After more than two hundred flights with my APM2 equipped quad, today, in the remotest of possible locations my quad failed to respond and attempted to fly away by itself! All I can say is thank goodness for Knobthorn trees.

I wanted to get some video of the area but didn't have my small cam with me so I attached my Galaxy Smartphone to the front of the quad, I have done this before and know that the video won't be that great (lots of jello) but will at least give an idea of the scenery. I waited for satellite lock and then hand launched (too much dust on the ground) just in front of where I was standing, I went slowly up to about 20m, hoverered then did a 180deg pirouette and slowly started descending back towards my position.

When the quad was about 3m from me and 2m off the ground I throttled up to stop the descent which was fine but now the quad was drifting forward slowly so I tried to tilt it backwards... suddenly I had that sickening realization that it wasn't responding, I wiggled the sticks...NOTHING!. I ran towards it but it was still drifting forward and climbing very slowly, now at about 2.5m. It continued very calmly and smoothly and I briefly considered throwing the only thing in hand (my transmitter) at it to try bring it down, but it flew on until it collided with a Knobthron tree at about 4m high.

3 motors were jammed by branches but one was still spinning away calmly. I wasn't... I was able to run to the nearby parked pickup and drive under the tree, reach up to unplug the battery and then get the quad down.

I have read the horror stories of fly-aways but one naturally never expects it to 'happen to me'.

- My radio is a tried and tested two year old Hitec Aurora 9 which has one of the most robust AFHSS 2.4GHz systems. The quad was 3m from me when it happened!

- My failsafe is setup correctly and double-tested, with the throttle channel going to 900ms on event of signal loss.

- All four my SS 30A ESC's (2A BEC) power the APM2 (each tested 0.09v of each other) effectively quadrupling the current capacity. I've never had a suggestion of a brownout.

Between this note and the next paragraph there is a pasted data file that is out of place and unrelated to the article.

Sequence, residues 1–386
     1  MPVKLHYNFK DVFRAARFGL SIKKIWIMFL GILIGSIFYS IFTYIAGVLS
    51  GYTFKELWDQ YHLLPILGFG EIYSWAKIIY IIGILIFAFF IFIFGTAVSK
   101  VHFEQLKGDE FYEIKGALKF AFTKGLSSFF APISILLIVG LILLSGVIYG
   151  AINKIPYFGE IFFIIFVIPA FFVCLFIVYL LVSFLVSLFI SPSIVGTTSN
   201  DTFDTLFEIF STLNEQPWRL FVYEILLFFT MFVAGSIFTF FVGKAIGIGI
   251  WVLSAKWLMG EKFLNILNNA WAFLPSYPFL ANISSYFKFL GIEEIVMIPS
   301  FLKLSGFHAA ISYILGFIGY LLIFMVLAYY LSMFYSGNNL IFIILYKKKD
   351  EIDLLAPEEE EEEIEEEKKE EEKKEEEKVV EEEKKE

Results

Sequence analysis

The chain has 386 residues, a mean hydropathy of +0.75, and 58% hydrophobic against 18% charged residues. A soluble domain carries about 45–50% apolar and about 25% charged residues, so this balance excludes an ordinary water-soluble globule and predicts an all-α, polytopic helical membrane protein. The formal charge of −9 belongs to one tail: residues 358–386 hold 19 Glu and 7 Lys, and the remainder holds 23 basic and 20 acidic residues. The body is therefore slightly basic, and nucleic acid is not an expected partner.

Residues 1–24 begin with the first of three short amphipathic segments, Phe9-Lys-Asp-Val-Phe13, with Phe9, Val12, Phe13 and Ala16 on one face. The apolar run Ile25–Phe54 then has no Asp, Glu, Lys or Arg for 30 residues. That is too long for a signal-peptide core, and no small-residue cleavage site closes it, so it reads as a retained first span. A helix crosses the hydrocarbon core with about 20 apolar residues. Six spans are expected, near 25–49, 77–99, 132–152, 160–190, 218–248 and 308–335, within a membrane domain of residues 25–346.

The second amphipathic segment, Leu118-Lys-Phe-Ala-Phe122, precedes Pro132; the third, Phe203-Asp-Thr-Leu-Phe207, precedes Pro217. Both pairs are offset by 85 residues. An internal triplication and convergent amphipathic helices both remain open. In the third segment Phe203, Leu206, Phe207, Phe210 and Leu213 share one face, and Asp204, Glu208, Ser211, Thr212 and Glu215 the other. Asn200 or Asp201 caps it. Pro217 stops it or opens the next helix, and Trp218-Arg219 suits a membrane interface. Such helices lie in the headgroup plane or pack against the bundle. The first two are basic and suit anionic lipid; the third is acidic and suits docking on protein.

So what happened? I don't know, I can't see anything definative in the logs (attached). If someone has any ideas I'd be very grateful!

As for now my faith in APM2 has been shattered, like an old friend you can no longer trust.

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We are working on this exact thing at the moment where the APM will be looking for valid input signals and will trigger a failsafe mode if it does not receive a signal within a specific time period - probably 1 second.

It might be useful if we could come up with a rudimentary test procedure for RF interference rejection ability of the APM from the most common sources that the APM could plausibly have to endure in common use cases. Things like WiFi tranceivers, cell phones (or the DroneCell and the like?), some of the most popular telemetry transmitters people might have and so on.

Test interference from such radio sources in a homebrew anechoic setup and see if and when the chips on the APM freak out. A location in the middle of nowhere, with no trees or buildings, is plenty anechoic enough. Start varying the setup, with different wiring for example - can the wiring from the RC Rx to the APM make it worse and how to minimize it? How about RF shielding cans over the chips on the APM board? Mu-metal enclosures and shielding for the parts that aren't magnetometers or radios?

I think we have some people with experience in software defined radios in this community; it should be plausible to create something that chirps a blast of RF energy at the board. No need for excessive power levels either; if a highly directional horn antenna close by sending a few milliwatts of power doesn't make the PPM encoder go crazy like sending frozen channel values, it would be a data point that suggests the cell phone in this fly-away might not have been the root cause after all. Or the opposite could happen and we could look into how to harden the APM to make it less likely to happen in the future...

I've been brave enough to now fly untethered a few times again and have had no sign of a re-occurance of this issue. I was never able to recreate the same Rx>APM freeze in my testing that was experienced in this attempted fly away. I have put a brownout capacitor on the APM though just for a little extra peace of mind.

I've also asked Michael if it's possible for a visual and audio notification of failsafe condition here: http://diydrones.com/forum/topics/request-for-audio-and-visual-noti... but this will obviously only notify you if you have the MP connected. In my case however the APM never recognised any problem and thus never went into failsafe

Brownout cap

" If the phone cannot hear a signal from a cell tower, it does not transmit, only listens"

 

It depends on the phone, but most will "ping" periodically to see if it can hear a tower.

Interesting concept - this would surely give your APM a few milliseconds of power during a brownout.  what are the cap specs?

4700µF, 10V

Graham,

    Trunk now also has a check whether the ppm encoder has died.  So if the ppm encoder stops sending updates to the main CPU the APM will notice and trigger a failsafe the same as it would if you pulled the radio wires out or turned off the receiver.  This and the other fixes mentioned earlier in the thread will all be in 2.9.  I've got to hope that this is enough to catch your issue (and other like it) should it reoccur.

     Well...at least this incident was a good opportunity to review all our failsafe behaviour.

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